"Possibly it had occurred to him that the colossal significance of that light had now vanished forever. Compared to the great distance that had separated him from Daisy it had seemed very near to her, almost touching her. It had seemed as close as a star to the moon. Now it was again a green light on a dock. His count of enchanted objects had diminished by one."
"He smiled understandingly—much more than understandingly. It was one of those rare smiles with a quality of eternal reassurance in it, that you may come across four or five times in life. It faced—or seemed to face—the whole external world for an instant, and then concentrated on YOU with an irresistible prejudice in your favor. It understood you just so far as you wanted to be understood, believed in you as you would like to believe in yourself and assured you that it had precisely the impression of you that, at your best, you hoped to convey."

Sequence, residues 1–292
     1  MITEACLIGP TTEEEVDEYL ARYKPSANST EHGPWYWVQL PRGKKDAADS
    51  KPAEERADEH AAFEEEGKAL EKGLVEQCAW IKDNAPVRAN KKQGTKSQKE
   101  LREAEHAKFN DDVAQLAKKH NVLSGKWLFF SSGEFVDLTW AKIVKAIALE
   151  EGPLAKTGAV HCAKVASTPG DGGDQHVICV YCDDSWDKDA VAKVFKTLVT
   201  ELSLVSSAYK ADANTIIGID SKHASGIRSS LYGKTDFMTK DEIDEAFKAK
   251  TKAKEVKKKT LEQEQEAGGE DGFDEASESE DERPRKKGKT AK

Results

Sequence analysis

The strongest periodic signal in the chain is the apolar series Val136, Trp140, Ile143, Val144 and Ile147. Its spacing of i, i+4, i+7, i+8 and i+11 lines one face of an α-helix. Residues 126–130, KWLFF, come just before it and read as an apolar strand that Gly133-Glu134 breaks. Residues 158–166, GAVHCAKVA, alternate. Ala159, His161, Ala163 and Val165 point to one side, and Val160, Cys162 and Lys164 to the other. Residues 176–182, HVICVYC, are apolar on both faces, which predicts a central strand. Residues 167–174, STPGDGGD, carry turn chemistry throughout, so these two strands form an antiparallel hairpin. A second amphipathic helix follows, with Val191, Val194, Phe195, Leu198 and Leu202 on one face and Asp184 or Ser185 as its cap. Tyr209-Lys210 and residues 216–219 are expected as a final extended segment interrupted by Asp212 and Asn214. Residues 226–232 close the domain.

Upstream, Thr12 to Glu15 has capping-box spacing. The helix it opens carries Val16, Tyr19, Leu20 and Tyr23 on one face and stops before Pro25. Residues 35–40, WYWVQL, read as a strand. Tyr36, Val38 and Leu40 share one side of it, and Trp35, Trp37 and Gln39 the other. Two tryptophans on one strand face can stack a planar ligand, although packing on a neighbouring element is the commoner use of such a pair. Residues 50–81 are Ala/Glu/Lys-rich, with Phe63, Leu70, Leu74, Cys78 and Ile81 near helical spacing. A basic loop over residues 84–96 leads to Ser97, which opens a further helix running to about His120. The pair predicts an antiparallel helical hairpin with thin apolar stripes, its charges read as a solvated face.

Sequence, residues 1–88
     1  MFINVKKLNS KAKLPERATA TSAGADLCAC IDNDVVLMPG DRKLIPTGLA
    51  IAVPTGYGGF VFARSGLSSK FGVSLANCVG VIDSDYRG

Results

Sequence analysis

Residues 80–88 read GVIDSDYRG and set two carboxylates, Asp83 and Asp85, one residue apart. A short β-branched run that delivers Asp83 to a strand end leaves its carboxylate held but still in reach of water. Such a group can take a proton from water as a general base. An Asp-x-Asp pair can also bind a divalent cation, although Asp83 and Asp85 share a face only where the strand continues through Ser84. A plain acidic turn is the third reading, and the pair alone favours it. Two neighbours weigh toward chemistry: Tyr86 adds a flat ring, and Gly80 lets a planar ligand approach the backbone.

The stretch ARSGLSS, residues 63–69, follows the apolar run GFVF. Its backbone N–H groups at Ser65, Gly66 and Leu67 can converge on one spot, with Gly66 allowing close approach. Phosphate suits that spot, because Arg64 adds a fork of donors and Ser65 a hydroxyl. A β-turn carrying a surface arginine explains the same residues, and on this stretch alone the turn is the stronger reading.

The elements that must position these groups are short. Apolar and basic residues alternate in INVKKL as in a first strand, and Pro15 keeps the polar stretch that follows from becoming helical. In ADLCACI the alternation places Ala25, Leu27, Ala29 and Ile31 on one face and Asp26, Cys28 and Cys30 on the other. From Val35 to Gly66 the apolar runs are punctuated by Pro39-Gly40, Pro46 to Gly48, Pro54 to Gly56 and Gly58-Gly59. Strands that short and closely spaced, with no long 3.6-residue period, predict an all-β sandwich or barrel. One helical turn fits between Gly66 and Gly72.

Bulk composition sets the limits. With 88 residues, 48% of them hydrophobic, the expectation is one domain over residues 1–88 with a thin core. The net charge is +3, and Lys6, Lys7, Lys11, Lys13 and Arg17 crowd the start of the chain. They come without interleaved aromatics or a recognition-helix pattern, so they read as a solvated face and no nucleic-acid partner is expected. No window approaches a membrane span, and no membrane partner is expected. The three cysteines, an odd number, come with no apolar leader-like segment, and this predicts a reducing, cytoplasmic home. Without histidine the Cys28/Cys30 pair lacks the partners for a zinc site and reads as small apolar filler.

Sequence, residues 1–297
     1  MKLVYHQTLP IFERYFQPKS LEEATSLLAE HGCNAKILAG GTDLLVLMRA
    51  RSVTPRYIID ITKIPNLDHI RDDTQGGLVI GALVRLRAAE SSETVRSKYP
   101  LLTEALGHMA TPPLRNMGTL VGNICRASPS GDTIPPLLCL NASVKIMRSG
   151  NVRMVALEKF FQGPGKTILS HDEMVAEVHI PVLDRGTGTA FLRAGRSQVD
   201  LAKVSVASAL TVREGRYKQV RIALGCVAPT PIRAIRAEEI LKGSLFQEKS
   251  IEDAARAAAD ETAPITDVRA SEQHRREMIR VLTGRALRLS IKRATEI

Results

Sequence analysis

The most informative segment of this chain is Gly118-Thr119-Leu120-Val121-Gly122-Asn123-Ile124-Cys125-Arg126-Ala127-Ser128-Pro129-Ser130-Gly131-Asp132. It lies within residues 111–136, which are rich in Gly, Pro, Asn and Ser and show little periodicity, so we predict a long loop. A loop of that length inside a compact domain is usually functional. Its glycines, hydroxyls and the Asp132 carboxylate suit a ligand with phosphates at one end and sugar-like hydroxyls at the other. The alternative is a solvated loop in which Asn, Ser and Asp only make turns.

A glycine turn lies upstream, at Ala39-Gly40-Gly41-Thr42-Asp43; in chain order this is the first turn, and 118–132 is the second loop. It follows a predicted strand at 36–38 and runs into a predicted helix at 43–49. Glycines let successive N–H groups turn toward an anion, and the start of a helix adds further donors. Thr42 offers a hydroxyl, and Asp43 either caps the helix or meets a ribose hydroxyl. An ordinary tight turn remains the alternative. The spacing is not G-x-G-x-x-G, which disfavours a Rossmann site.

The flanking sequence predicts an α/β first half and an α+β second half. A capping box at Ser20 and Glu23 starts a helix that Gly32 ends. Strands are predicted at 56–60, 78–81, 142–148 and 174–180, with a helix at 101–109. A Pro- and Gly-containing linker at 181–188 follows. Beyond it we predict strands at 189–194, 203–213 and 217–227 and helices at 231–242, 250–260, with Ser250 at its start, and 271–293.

Gatsby and Daisy may have been in love—but really, what I saw, was that they were in love with the futures they could have together. They were in love with the idea of each other, a dream. And after all, they were pretty vivid dreamers.
Went to see The Great Gatsby movie as a Lurhmann fan. It was pretty good. One strange thing though: Having never read the book most of the first half of that movie looks for all the world like Gatsby is trying to seduce Nick Carraway in the most aggressively-passive-aggressive manner imaginable. Which I suppose he sort of was really.